Former acting White House Solicitor General Neal Katyal explained to MSNBC's Nicolle Wallace that the lawsuit in Washington, D.C. court saying former President Donald Trump is to blame for the deaths of officers attacked at the U.S. Capitol on Jan. 6. is serious.
While Trump escaped being held accountable by the U.S. Senate, things are getting worse for him. In the lawsuit, details walk through how the president's supporters attacked, beat, and sprayed police officers. One officer died as a direct result of the attack on that day, and two other officers killed themselves in the days following the attack.
Trump attempted to rewrite what happened during a Fox News call-in over the weekend. In the call, Trump claimed that his supporters were hugging and kissing police officers. It contrasts with what was witnessed in every video taken at the scene by the attackers and security cameras.
"This is what the complaint said today: 'The officer attacked relentlessly, bleeding from a cut less than an inch from the eye, cuts, and abrasions on the face and hands and his body was pinned against a large metal door fending off attacks,'" Katyal read. "So when Donald Trump said they were kissing and hugging the guards, my God."
Wallace read more from the complaint:
"For several hours after the mob stormed the Capitol, Trump had the continuing ability to issue statements through traditional and social media but refused," the lawsuit says. "Refused to communicate anything to the followers that might discourage the assault and battery. Trump thereby ratified the conduct of the followers and ensured that the assaults on the officers lasted much longer, worsening the injuries of the plaintiffs and other officers. Late in the afternoon, Trump ratified the conduct, and again said that the election had been stolen by fraud and by announcing support, praise and love for his followers."
Wallace wondered if this put Trump in more significant legal trouble now.
"Absolutely," he agreed. "If you could short Donald Trump right now it would be a good time to do so. Everything you're saying, Nicolle, is absolutely right. This, in conjunction with new developments going on in New York, with respect to Weissberg and the like. Donald Trump is in serious trouble. The difference between now and the past is that the Republican Party and senior officials are inviting the trouble and saying there's merit to it."
See the full discussion below:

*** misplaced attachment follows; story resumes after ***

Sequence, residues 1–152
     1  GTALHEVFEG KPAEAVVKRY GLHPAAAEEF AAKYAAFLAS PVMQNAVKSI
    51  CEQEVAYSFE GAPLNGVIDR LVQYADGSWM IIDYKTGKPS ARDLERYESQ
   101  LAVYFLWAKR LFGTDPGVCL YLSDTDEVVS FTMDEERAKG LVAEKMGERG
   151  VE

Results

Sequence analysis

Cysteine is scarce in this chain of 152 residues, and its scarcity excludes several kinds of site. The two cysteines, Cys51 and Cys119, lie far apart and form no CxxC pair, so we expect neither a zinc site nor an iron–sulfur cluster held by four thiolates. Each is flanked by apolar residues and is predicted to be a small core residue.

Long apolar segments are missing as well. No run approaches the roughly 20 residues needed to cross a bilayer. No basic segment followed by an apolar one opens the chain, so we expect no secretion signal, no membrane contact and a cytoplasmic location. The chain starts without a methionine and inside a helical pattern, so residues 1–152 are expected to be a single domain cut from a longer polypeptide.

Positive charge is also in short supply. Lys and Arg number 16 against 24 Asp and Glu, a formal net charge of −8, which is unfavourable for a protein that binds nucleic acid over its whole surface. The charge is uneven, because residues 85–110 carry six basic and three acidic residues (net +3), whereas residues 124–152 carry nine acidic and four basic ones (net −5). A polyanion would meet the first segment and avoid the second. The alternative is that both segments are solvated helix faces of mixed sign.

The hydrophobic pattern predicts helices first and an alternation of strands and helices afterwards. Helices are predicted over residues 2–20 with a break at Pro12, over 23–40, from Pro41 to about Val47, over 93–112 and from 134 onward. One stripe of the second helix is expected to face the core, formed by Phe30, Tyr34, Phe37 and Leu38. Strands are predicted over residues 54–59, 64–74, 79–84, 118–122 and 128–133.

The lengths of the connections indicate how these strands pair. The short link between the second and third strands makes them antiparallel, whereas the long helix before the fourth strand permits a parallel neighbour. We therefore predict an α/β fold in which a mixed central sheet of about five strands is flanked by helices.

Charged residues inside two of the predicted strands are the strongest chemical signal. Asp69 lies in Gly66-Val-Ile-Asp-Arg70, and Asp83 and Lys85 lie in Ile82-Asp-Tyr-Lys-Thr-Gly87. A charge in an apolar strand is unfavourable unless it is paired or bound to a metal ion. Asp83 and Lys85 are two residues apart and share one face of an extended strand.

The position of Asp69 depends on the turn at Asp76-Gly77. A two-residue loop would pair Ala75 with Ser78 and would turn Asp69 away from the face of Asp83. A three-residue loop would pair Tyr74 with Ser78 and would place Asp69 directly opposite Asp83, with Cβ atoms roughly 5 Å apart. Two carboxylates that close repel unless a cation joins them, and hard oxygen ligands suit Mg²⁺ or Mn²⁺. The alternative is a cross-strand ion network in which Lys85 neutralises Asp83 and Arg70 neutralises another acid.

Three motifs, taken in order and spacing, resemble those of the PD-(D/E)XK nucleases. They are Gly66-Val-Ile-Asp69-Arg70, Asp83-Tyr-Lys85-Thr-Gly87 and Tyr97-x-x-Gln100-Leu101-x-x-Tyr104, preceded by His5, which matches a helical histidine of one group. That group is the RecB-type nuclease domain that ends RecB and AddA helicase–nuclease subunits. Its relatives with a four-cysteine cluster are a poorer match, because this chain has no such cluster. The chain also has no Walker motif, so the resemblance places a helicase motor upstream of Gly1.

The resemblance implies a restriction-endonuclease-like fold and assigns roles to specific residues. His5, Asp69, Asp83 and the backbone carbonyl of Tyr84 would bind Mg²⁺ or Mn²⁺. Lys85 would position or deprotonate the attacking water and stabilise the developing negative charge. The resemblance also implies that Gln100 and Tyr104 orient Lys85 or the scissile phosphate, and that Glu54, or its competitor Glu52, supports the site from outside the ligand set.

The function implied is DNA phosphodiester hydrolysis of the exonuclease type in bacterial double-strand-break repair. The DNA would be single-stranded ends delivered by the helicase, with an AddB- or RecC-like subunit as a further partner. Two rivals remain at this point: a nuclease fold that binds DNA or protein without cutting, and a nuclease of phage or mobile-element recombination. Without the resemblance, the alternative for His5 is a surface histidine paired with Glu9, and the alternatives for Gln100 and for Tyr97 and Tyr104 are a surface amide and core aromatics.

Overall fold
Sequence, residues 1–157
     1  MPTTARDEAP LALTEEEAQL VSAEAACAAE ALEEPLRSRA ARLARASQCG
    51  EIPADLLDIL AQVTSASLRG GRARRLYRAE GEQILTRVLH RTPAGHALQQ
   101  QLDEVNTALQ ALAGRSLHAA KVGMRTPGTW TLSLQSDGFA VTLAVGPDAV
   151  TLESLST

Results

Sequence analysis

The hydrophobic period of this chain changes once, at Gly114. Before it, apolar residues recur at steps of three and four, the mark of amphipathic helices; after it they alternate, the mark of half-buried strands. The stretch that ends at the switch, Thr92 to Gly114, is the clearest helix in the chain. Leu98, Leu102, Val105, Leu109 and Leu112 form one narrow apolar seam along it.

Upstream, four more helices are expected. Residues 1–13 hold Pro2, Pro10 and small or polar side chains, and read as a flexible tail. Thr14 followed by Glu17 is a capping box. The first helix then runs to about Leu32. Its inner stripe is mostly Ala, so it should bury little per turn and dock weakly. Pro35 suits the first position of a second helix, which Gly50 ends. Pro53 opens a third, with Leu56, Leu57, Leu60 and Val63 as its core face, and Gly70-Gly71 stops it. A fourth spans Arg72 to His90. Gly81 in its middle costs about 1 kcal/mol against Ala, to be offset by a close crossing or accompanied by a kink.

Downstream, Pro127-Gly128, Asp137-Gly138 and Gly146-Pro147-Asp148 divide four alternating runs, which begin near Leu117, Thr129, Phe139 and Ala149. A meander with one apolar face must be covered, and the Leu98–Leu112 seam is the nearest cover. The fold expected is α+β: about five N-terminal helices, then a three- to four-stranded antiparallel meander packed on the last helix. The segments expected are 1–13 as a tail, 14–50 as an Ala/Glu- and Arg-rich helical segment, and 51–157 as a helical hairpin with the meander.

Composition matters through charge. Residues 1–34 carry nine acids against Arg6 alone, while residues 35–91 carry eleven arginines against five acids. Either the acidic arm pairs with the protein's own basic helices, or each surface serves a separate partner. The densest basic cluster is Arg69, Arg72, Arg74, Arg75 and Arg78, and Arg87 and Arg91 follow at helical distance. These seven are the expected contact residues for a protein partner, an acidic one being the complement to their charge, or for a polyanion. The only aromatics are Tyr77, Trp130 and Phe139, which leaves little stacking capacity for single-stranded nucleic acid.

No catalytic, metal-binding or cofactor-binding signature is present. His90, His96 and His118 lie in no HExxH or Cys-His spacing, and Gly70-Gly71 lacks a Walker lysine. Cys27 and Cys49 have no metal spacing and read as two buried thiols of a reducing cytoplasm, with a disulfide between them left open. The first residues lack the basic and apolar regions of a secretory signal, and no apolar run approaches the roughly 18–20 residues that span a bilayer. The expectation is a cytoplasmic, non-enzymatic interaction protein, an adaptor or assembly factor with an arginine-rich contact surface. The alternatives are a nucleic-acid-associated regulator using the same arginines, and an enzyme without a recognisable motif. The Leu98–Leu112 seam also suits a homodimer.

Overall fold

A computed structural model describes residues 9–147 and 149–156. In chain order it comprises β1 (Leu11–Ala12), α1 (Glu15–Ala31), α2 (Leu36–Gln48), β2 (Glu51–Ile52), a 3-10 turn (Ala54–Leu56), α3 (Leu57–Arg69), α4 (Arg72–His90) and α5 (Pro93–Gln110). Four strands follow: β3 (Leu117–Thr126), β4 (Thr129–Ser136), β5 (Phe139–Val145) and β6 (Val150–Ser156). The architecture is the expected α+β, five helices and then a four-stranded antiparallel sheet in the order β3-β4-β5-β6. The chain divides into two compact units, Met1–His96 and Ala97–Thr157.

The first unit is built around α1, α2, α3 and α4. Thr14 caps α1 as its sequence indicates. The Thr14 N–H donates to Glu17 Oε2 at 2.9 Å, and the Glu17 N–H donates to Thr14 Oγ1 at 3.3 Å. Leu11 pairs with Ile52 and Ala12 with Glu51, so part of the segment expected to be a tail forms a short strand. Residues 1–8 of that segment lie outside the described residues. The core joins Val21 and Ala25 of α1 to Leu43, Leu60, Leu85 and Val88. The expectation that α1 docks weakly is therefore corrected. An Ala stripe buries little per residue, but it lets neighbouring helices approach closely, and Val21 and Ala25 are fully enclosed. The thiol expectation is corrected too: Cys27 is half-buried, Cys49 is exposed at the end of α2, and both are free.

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. >> luke you have i think the definitive piece of reporting of half a dozen contacts, associations, appearances with house republican members and some of the militia groups that we know to be under scrutiny and many charged since your reporting came out but i wonder what the reaction is of republicans in congress to a lawsuit like this with history as a guide is a natural alliance, republicans would say, between republicans and law enforcement. >> yeah. i think there's going to be a moment of soul searching for members of congress. shortly after the attack, there was widespread anger among the republicans i talked to on the hill about what happened and donald trump's role in it. in particular as you pointed out his lack of doing anything after the attack broke out kevin mccarthy famously had this very angry phone call with the president urging him to do more to call off the attack in that time, after those initial hours, though, it seemed many republicans made the calculation that it was -- needed to align themselves more deeply with donald trump because they heard from the base who was still very loyal to him. now we see new details come out. this is now the second officer going on record to say he was called the n-word by the mob, documented the racism and the personal anguish and mental strife that many officers went through. and will republicans now hear these messages and rethink the relationship with donald trump i'm not encouraged that that will happen. i don't think that that will happen but it's a test for each of them to consider this evidence and decide what to do about it. >> elizabeth, i'm going to apologize to you for what may have to be an interruption to take an important speech from president biden when it begins but i'd like to get you on the record on the lawsuit and the investment on the part of republicans to rewrite the truth and the history which is chronicled in "the new york times" and nbc news and many other new outleted as a here irveg and violent attack on the capitol and the country by trump supporters. >> it struck me as remarkable to hear eyewitness accounts of people that were attacked and while members of congress were themselves part of those that they were victims, too, but not nearly the way that the 140-plus law enforcement officers were victimized and to hear their firsthand accounts it is impossible to keep trying to revise this history. and so republicans have a problem on their hands they keep trying to move on and they have trump out there trying to rewrite this story as if they were hugging and kissing with police officers. that you hear people say, oh, these were just political protesters that crossed the line and trespassed but peaceful why this description, firsthand account from a law enforcement officer who in their training is trained to document something like this is anything but peaceful and clearly racist in what one of the officers faced so i don't know how the republican party given that this is just the first of what is expected to be many such lawsuits coming up, i think their strategy is wrong. you had that memo that came out today from axios saying that they need to lean into trump i think that's a bad strategy for them because this is not going away the republican accountability project will keep reminding voters if the congressman supported the big lie and did not condemn the insurrection the strategy needs to be rejecting trump and not cozying up to him. >> luke, everything they do seems to sort of have at its nexus the continued adherence and servitude to the big lie and pushing the laws disguised adds election security and there isn't a problem of systemic or widespread voter fraud blocking the formation of a a 9/11-style commission. is there a prospect of bipartisan commitment to an investigation like the 9/11 commission into the 1/6 attacks? >> i'm not encouraged that we'll have bipartisan buy-in into the january 6th attack the closest thing we have going on right now is in the senate. we have a series of hearings that both amy klobuchar, roy blunt and others are running looking into what went wrong on january 6th and some investigation over there but the house bill as proposed is stalled right now to get a 9/11-style commission off the ground i do think as you mentioned this ...